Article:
This study enrolled 798 patients with IPAH and 151 patients with PH-IIP (IPF, n = 113; NSIP, n = 38). The median follow-up time was 24.1 months in the IPAH population and 13.2 months in the PH-IIP population. Table 1 summarizes the clinical and hemodynamic characteristics of the two populations at the time of PH diagnosis. Compared with IPAH patients, PH-IIP patients were older and more often male. The majority of patients in both groups presented in an advanced WHO functional class, and patients with PH-IIP were more likely to present in functional class IV. Pulmonary function was well preserved in patients with IPAH whereas patients with PH-IIP showed the expected restrictive ventilation pattern; 35.3% of these patients had a forced vital capacity (FVC) ≥70% of the predicted value. The diffusion capacity for carbon monoxide and the arterial pO2 were significantly lower in patients with PH-IIP than in patients with IPAH. The average haemodynamic profile of patients with PH-IIP was that of severe pulmonary hypertension with impaired right ventricular function, indicated by a mean pulmonary artery pressure (PAPm) of 37±9 mmHg, a pulmonary vascular resistance (PVR) of 649±268 dyn·s·cm-5, and a cardiac index of 2.1±0.6 L/min/m2. The current criteria for severe PH (PAPm ≥35 mmHg or PAPm ≥25 mmHg with CI <2.5 l/min/m2) were met in 79% of these patients.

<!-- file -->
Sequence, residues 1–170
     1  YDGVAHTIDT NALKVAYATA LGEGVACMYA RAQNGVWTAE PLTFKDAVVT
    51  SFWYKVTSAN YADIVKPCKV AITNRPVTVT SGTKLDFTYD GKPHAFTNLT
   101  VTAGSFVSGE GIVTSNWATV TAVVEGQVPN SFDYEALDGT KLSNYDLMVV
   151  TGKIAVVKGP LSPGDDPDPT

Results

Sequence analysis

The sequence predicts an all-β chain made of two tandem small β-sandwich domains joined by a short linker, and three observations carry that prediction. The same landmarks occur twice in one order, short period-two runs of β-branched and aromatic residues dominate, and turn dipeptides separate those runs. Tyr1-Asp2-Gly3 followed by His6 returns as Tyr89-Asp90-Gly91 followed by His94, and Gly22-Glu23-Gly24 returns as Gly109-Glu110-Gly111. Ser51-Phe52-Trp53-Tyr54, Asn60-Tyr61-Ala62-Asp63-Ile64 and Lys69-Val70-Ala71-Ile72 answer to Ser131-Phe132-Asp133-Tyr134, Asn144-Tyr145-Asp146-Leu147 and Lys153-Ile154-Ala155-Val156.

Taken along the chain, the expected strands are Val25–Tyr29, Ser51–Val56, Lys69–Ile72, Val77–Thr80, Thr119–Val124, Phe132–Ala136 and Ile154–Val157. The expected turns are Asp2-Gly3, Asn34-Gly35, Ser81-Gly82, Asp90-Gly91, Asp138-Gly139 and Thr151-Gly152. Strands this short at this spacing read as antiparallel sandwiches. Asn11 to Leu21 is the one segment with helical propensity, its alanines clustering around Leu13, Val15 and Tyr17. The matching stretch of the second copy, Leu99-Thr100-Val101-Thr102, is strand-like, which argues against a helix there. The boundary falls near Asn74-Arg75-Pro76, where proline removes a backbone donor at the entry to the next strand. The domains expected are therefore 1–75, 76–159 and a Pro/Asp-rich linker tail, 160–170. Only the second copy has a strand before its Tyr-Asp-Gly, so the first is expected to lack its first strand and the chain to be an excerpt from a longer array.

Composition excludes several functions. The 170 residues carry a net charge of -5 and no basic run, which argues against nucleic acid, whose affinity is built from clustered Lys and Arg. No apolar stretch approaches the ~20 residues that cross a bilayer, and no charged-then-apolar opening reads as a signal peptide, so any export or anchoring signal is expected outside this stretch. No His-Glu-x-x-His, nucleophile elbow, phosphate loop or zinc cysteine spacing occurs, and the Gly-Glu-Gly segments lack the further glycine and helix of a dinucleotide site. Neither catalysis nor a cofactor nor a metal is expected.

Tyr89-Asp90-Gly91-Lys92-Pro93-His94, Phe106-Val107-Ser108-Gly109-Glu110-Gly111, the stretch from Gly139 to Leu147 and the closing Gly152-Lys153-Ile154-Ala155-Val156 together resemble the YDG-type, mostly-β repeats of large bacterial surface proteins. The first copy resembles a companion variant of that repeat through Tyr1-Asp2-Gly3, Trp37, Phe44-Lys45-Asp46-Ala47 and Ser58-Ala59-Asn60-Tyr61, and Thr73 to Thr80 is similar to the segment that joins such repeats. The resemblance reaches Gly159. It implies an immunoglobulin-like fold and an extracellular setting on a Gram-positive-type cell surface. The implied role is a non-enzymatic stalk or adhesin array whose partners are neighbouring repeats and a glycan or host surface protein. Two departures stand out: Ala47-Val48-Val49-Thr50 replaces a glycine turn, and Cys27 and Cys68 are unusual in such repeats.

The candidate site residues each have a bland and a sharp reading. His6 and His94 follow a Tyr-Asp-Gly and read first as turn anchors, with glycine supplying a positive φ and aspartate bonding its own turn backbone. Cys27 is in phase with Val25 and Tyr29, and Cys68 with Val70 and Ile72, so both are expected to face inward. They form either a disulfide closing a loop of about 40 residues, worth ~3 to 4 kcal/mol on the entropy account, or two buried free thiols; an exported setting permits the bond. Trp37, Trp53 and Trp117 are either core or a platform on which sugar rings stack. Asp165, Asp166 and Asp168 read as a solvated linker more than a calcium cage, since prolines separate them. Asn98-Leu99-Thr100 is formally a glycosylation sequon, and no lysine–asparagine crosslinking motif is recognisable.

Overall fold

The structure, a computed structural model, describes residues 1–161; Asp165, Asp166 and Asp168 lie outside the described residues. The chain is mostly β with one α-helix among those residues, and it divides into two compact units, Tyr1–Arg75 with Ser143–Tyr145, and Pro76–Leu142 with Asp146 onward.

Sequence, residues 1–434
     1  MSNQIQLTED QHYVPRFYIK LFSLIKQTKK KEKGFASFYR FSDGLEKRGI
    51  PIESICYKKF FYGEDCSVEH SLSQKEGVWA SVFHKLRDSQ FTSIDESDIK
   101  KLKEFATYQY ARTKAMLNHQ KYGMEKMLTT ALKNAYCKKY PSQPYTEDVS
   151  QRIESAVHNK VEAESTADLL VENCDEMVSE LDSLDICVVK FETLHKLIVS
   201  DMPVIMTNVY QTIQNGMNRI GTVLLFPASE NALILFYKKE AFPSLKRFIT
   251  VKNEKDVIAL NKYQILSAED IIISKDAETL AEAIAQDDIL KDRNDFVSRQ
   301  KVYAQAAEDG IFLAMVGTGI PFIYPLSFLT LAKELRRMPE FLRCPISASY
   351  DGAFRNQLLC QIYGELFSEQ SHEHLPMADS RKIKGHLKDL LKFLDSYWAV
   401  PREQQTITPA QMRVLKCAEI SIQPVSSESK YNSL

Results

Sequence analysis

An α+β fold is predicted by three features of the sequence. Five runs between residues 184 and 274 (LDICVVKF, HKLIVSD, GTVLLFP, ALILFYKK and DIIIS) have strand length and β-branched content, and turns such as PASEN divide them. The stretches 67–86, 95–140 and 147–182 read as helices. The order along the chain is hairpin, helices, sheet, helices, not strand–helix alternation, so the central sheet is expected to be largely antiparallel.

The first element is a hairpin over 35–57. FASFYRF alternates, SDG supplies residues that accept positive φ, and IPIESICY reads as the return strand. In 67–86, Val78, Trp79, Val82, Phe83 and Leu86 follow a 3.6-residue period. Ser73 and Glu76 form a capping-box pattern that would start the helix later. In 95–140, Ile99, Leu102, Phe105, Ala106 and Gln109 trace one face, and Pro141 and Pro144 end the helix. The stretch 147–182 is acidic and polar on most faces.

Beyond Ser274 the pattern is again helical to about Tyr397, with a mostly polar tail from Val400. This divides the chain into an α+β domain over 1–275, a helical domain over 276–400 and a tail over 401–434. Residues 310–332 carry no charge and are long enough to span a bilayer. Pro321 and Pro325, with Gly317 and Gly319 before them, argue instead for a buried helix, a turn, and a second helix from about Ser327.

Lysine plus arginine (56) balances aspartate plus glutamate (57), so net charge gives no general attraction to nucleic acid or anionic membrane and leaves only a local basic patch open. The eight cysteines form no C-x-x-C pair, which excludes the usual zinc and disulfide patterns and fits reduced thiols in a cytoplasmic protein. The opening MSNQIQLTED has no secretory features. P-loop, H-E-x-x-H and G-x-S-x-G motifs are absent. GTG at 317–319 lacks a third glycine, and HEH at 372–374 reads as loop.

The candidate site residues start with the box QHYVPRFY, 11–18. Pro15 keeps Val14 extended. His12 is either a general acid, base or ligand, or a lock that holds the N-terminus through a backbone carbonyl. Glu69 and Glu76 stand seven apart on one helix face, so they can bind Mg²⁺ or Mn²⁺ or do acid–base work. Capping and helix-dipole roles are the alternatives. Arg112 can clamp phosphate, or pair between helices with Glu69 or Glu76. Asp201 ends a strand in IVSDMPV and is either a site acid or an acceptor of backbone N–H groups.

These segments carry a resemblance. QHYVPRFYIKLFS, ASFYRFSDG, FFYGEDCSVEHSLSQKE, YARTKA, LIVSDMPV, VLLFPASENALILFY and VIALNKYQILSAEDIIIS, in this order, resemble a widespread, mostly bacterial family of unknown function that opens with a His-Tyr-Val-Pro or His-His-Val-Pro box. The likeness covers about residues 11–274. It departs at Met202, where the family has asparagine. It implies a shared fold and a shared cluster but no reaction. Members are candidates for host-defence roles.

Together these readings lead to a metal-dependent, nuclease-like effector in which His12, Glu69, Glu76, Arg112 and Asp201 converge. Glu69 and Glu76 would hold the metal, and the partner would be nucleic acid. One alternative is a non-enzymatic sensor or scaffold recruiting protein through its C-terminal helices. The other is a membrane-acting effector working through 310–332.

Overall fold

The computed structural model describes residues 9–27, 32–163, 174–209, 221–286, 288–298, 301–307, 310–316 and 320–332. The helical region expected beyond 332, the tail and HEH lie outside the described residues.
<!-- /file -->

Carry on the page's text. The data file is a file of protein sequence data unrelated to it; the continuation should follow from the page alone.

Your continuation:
Use of pulmonary vasodilators and early response to therapy
According to the inclusion criteria, all patients received pulmonary vasodilator therapies at inclusion, but the selected drugs differed substantially between the two patient populations (Table 2). At entry, 79% of the patients with IPAH received monotherapy with either an ERA or a PDE5i, while 15% received initial combination therapy. In contrast, 95% of the patients with PH-IIP received monotherapy, in most (88%) of the cases, a PDE5i. After 1 year, 57% of the patients with IPAH were receiving monotherapy with either an ERA or a PDE5i, while 39% were receiving combination therapies. In contrast, 87% of the patients with PH-IIP received monotherapy with a PDE5i and only 2% received combination therapy.
The cumulative drug discontinuation rates were similar in both groups. ERA were discontinued in 21% of the IPAH patients and in 18% of the PH-IIP patients; PDE5i were discontinued in 11% of the IPAH patients and in 12% of the PH-IIP patients. For both classes of drugs and in both patient populations, lack of clinical improvement and lack of tolerability were the predominant reasons for drug discontinuations (data not shown).